8 Black, LGBTQ+ owned businesses you need to know now
These companies deserve our support year round!
According to the 2019 Annual Business Survey, approximately 18.3% of all U.S. businesses are minority-owned. While we tout Black-owned businesses, it’s imperative to support double minority-owned businesses. We’re talking about Black-owned, queer businesses.
According to a National Gay and Lesbian Chamber of Commerce report, LGBTQ+ entrepreneurs make up less than 1% of small businesses. There are potentially more, however, there is a valid fear and reluctance to disclose sexual orientation in fear of backlash or even harm. There are less than 1,000 certified LGBTQ+-owned businesses and according to the Statistic Brain Research Institute, 15% of these businesses were founded nearly two decades ago.
However, new queer, Black entrepreneurs are popping up with companies. theGrio has created a list of eight Black-owned queer businesses that you can support.
A Tribe Called Queer
A Tribe Called Queer is a multidisciplinary brand that features gender-neutral, size-inclusive, LGBTQ+ positive clothing. They also have a podcast, a blog, as well as virtual events. Sabine Maxine Lopez is the founder of the company and has done partnerships with retailers like Macy’s.
Feelmore Adult Gallery
Feelmore Adult Gallery boasts that they will “deliver orgasms immediately,” and we believe them with their array of sex toys. This sex shop and community space is founded by Nenna Joiner and based in Oakland, Calif. Joiner gives back by hosting events for the community, as well as pop-ups like the Bumble February Love Pop Up Shop, which allowed five women-owned businesses the opportunity to present their stories and their products.
Kris Harring Designs
Kris Harring is a Brooklyn-based designer and researcher focused on genderless fashion design. Harring designed a custom Trans is Beautiful jumpsuit for actress Sarah Ramirez for the True Colors Benefit Concert in New York City. You can shop the LGBTQ Pride Collection, featuring inclusive hats, sweaters, t-shirts, and tank tops. If you are interested in up to the date information around gender in fashion, health, beauty and society, sign up for Harring’s newsletter — Generation Genderless.
Cocoa and Breezy
Twin designers Corianna and Brianna Dotson are the creative force behind Coco and Breezy Eyewear. Founded in 2009, they are known for their stylish frames and even designing the “third-eye” sunglasses for the late Prince. In addition to sunglasses and optical, they also sell merch.
The next time you are in Washington, D.C. or Silver Springs, Maryland stop by Loyalty Bookstore. Founded by Hannah Oliver Depp, she’s focused on bringing high-quality diverse books and events to the community. Their website explains, “Our intersectional community is important to our staff, therefore those are the books you’ll find centered in our store, in our programming, and in our promotions. We work to create an inclusive, welcoming environment and provide books and goods for the home.”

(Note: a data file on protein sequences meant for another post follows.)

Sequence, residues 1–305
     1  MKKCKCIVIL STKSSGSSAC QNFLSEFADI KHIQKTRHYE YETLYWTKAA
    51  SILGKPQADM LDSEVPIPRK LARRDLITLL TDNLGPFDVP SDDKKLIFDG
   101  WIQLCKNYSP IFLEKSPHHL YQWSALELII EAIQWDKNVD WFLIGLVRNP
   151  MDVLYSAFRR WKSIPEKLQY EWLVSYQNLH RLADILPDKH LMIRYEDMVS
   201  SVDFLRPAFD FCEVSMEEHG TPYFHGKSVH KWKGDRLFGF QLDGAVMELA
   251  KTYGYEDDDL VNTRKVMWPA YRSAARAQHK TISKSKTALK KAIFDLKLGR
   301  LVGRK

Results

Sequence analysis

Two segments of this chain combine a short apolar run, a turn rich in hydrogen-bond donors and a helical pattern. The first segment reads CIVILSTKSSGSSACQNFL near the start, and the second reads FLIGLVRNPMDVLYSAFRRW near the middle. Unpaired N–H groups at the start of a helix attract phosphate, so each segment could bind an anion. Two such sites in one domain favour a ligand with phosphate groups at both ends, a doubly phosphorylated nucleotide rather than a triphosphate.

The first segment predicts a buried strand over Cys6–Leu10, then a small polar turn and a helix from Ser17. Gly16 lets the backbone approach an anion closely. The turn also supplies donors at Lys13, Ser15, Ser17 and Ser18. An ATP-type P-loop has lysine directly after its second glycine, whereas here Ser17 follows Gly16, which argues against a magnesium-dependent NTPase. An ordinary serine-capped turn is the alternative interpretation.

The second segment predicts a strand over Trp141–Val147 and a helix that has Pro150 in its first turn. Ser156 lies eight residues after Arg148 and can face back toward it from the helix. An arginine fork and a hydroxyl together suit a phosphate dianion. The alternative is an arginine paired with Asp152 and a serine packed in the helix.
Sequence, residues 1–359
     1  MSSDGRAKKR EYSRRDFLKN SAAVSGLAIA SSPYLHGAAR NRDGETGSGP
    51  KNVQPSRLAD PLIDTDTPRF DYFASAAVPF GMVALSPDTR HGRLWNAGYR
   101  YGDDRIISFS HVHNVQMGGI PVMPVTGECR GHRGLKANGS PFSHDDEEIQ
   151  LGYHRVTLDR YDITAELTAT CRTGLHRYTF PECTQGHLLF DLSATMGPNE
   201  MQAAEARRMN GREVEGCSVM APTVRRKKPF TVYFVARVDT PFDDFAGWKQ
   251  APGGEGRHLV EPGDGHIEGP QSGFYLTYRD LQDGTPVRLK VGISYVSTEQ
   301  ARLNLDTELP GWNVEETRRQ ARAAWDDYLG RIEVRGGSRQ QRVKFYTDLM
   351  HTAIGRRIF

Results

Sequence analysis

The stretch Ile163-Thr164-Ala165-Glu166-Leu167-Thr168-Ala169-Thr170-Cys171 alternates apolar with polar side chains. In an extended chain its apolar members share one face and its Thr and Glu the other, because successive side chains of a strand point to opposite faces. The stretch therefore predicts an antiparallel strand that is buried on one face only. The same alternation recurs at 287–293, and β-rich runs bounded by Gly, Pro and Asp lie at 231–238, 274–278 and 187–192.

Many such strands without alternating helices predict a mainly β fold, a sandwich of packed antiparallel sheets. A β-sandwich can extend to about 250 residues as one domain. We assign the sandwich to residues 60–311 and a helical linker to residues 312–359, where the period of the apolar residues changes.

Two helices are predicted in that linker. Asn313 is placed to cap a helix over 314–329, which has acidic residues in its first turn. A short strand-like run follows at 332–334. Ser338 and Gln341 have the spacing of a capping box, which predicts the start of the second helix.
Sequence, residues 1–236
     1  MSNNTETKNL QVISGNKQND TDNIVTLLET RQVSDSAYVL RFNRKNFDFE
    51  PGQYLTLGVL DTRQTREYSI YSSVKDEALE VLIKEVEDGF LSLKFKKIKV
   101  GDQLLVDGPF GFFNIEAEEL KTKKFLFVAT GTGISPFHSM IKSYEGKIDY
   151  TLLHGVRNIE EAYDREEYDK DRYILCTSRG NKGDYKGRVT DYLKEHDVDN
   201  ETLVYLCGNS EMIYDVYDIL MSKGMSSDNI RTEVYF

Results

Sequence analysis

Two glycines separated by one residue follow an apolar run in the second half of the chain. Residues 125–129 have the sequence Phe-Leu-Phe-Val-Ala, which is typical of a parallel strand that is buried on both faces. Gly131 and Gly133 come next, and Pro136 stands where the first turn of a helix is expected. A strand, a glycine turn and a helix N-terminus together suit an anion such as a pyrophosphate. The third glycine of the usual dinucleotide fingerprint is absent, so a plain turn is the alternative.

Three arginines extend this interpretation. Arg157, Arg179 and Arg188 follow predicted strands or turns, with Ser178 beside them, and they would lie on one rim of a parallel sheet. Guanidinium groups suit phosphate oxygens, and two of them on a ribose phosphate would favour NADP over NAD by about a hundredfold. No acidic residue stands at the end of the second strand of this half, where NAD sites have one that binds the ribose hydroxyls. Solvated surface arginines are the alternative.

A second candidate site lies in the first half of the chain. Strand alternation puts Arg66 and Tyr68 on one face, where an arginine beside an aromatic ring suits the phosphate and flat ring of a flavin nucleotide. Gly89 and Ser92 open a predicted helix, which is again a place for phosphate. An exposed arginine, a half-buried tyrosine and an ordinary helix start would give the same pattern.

These two bookstores center Black, PoC, and queer voices, however, if you aren’t in the Mid-Atlantic you can shop and support the bookstore online.
Brownie Points For You
If you are looking for cheeky prints, items for your home, or T-shirts that will make others look twice, then check out Brownie Points For You, created by artist Rinny Perkins. With Black colloquialisms like the ‘Don’t Sit on My Bed in Your Outside Clothes’ print or need-to-be-said statements like ‘Pay Black Women For Their Labor Instead Of Using Them For Diversity Clout’ plastered on coffee mugs, these items make great statement gifts.
“Not for you—for everyone,” is the slogan of Telfar, an NYC-based clothing and accessory line founded by Queens-based fashion designer Telfar Clemons. He’s most well known for his Telfar bag affectionately dubbed the Bushwick Birkin. The largest bag costs $257.00 and the small bag is $150.00, bringing on-trend fashion to a wider market. When online scalpers tried to re-sell his bag for three times the price, he outsmarted them by creating the Telfar Bag Security Program, which pre-sells bags in every colorway.
Makoma The Brand
Meaning “my heart,” Makoma The Brand isn’t just a clothing company–it’s a lifestyle. Blending the African diaspora with classic silhouettes, you get unique designs ethically created with high-quality craftsmanship. The brand hosts monthly pop-up shops, but if they aren’t close to you, then shop the site from the comforts of your own home.
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